Yet Doomwatch is much more adult and science-orientated than Doctor Who ever was. The emphasis is on examining scientific ideas and how they can impact on the lives of everyday people. Doomwatch played on many contemporary fears, and also raised issues such as the dangers of leaded petrol and genetic modification that were still a good few years from registering on the public’s consciousness. In many respects, it is a series way ahead of its time, and consequently it stands up well today.
The first episode, The Plastic Eaters, sees a potentially useful virus, ordinarily employed to break down plastic within landfill sights, released inside an aeroplane that starts melting in mid-flight. The second sees genetically-modified and super-intelligent rats wreaking havoc in London. Project Sahara properly introduces another theme that recurs throughout the show: Doomwatch’s uneasy relationship with government. Whilst half of its time is spent tackling threats to humanity, the other half is used up in justifying its existence to bureaucratic civil servants. Nothing changes, eh?
The Devil’s Sweets examines the threat of the tobacco industry and subliminal advertising. Invasion takes on the subject of what happens to a small village community when the presence of a dangerous microorganism necessitates an evacuation. The Battery People looks at the long-term effects of poisoning the workers of a fish farm who are exposed to dangerous chemicals in the water.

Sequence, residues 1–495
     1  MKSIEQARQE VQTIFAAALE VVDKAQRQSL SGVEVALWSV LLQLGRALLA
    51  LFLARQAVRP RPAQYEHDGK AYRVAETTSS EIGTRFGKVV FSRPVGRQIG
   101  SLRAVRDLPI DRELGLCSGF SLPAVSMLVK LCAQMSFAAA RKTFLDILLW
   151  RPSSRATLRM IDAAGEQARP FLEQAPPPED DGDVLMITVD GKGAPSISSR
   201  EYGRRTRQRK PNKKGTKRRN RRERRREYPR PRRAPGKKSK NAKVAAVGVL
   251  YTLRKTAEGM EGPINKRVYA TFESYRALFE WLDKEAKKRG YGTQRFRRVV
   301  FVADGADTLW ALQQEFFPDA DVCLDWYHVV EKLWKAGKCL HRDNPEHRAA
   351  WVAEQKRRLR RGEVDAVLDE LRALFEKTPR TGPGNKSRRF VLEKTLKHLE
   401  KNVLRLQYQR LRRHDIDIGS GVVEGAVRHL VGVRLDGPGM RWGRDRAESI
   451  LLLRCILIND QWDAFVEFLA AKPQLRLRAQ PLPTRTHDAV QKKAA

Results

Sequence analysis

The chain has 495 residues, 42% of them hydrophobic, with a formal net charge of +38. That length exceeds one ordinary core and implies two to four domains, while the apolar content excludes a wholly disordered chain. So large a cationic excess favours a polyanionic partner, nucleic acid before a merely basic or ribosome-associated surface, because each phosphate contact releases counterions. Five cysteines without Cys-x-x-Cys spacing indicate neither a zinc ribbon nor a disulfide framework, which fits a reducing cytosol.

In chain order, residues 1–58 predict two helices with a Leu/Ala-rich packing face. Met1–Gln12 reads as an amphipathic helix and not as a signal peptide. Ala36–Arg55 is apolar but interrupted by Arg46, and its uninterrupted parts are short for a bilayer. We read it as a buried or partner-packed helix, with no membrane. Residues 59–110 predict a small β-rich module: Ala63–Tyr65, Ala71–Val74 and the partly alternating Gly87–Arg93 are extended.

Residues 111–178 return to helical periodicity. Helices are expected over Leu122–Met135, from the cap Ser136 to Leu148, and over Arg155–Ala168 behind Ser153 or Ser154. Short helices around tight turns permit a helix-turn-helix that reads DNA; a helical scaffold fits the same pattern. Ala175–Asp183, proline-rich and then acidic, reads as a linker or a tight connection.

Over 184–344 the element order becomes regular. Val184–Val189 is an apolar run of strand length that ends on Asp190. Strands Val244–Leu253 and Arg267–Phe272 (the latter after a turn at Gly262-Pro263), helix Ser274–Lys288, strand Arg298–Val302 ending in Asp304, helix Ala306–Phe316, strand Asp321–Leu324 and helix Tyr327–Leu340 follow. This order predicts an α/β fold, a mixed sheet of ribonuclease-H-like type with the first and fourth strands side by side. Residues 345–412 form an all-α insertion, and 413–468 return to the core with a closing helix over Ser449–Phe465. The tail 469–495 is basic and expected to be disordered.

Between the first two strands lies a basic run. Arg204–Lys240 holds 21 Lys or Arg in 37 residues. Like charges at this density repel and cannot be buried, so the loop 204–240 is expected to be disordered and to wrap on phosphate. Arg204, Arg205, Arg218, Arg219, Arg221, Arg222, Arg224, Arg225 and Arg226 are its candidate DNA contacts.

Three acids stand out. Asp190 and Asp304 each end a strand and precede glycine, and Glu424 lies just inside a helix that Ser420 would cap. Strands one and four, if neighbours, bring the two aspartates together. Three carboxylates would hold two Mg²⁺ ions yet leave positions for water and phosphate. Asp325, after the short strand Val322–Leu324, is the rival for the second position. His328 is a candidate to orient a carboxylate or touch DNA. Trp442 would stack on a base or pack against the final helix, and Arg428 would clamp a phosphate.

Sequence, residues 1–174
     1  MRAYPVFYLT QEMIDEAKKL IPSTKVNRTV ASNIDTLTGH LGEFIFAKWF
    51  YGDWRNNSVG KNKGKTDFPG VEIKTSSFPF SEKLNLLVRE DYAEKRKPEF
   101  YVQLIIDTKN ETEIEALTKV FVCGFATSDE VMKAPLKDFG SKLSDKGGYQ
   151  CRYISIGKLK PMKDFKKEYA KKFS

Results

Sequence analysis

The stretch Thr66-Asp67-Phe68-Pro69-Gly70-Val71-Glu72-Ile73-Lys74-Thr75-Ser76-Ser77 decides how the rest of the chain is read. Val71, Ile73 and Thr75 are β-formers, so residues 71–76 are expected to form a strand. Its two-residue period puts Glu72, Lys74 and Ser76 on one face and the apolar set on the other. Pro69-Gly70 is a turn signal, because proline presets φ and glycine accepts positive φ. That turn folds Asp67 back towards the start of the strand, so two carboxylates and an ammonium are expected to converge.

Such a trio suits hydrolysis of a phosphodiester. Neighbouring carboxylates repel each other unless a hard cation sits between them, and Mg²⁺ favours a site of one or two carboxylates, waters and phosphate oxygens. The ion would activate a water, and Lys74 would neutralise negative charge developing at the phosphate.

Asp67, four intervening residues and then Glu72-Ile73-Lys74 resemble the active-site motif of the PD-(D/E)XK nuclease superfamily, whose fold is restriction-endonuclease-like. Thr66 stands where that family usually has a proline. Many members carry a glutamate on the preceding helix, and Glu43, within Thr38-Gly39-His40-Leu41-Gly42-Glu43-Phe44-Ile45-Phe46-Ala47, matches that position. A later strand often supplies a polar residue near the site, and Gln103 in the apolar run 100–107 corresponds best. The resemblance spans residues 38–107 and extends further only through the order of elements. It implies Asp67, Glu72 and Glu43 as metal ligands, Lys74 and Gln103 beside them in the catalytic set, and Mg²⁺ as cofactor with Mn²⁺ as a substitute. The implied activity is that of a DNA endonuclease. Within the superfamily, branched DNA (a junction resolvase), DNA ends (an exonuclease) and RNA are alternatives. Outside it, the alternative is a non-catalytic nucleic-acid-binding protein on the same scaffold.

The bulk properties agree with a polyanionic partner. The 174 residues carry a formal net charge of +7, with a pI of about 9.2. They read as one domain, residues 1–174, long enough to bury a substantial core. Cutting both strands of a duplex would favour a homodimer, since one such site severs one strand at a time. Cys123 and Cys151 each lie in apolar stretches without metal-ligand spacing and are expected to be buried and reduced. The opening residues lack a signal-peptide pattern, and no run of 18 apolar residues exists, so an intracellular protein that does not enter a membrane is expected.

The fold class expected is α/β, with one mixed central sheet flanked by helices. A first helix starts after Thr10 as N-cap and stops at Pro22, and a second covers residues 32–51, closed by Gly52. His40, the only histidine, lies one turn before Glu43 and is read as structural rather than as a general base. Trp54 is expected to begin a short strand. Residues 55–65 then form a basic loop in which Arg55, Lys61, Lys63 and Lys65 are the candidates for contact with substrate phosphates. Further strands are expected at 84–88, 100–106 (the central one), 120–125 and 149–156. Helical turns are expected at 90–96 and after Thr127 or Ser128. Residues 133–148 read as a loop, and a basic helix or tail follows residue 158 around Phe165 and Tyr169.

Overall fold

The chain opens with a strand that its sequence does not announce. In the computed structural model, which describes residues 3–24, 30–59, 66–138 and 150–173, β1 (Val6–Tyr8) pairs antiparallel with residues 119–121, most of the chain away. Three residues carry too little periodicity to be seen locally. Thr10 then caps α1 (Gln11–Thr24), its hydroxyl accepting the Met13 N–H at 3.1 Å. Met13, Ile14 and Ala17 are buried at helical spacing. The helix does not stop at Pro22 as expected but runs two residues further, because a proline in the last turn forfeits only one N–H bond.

In its subject matter, Doomwatch was both of-the-moment and prophetic, finding no shortage of issues to dramatise. The credit of Doomwatch is that it was meticulously scientifically researched, and made science relevant and engaging to lay audiences. It was also capable of delivering huge shocks, such as the sudden and violent death of one of the leads. The episode leaves a stunned audience following an enquiry into the death, in which Robert Gillespie (Keep It In The Family) appears as physicist Dr. Warren on the interrogation panel, injecting some wry humour into a well-written supporting part. Every episode features other familiar names and faces in guest roles since, as with Gillespie, they are well-written enough for the best actors to make their own and want to take part. Take a look at the cast list below to see just a few of the stellar names attracted. The Fall and Rise of Reginald Perrin fans will enjoy seeing John “I didn’t get where I am today” Barron in a recurring role as a supercilious minister – and he plays it remarkably similarly to CJ! The tragedy of the missing episodes is that Doomwatch guest-spots by actors of the calibre of Patrick Troughton, Brian Cox and Elisabeth Sladen have sadly been lost.